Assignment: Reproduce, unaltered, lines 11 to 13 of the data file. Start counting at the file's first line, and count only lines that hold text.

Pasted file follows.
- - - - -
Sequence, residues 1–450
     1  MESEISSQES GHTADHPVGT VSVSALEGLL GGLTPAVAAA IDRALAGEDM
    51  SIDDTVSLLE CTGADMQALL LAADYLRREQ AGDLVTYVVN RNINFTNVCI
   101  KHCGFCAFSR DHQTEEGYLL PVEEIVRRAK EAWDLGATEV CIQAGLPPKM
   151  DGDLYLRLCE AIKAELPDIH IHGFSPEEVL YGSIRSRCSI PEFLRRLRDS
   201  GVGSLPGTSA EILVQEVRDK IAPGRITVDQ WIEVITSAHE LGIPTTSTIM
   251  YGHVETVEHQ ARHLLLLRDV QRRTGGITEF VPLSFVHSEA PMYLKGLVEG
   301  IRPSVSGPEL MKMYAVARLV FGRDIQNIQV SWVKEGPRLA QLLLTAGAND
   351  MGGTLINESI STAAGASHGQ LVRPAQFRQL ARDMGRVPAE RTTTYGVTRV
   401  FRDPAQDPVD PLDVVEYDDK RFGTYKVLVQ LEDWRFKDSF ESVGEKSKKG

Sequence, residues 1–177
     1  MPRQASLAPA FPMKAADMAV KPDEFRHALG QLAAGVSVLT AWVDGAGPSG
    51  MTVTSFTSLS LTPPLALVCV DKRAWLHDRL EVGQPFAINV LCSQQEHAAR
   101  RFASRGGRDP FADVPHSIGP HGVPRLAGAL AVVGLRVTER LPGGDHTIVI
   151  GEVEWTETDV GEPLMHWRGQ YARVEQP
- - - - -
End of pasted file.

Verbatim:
Sequence, residues 1–177
     1  MPRQASLAPA FPMKAADMAV KPDEFRHALG QLAAGVSVLT AWVDGAGPSG
    51  MTVTSFTSLS LTPPLALVCV DKRAWLHDRL EVGQPFAINV LCSQQEHAAR